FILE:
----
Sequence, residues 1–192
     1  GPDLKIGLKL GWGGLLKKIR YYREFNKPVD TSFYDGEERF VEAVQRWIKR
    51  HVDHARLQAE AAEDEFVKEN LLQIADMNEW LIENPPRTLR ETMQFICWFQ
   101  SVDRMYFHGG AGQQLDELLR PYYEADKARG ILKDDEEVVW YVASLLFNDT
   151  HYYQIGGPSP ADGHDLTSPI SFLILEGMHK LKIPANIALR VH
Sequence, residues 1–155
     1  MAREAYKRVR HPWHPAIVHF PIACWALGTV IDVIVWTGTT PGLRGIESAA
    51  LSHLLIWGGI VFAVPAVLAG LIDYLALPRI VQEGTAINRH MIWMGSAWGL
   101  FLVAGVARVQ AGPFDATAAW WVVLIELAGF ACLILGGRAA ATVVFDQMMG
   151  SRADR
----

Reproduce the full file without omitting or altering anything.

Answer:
Sequence, residues 1–192
     1  GPDLKIGLKL GWGGLLKKIR YYREFNKPVD TSFYDGEERF VEAVQRWIKR
    51  HVDHARLQAE AAEDEFVKEN LLQIADMNEW LIENPPRTLR ETMQFICWFQ
   101  SVDRMYFHGG AGQQLDELLR PYYEADKARG ILKDDEEVVW YVASLLFNDT
   151  HYYQIGGPSP ADGHDLTSPI SFLILEGMHK LKIPANIALR VH
Sequence, residues 1–155
     1  MAREAYKRVR HPWHPAIVHF PIACWALGTV IDVIVWTGTT PGLRGIESAA
    51  LSHLLIWGGI VFAVPAVLAG LIDYLALPRI VQEGTAINRH MIWMGSAWGL
   101  FLVAGVARVQ AGPFDATAAW WVVLIELAGF ACLILGGRAA ATVVFDQMMG
   151  SRADR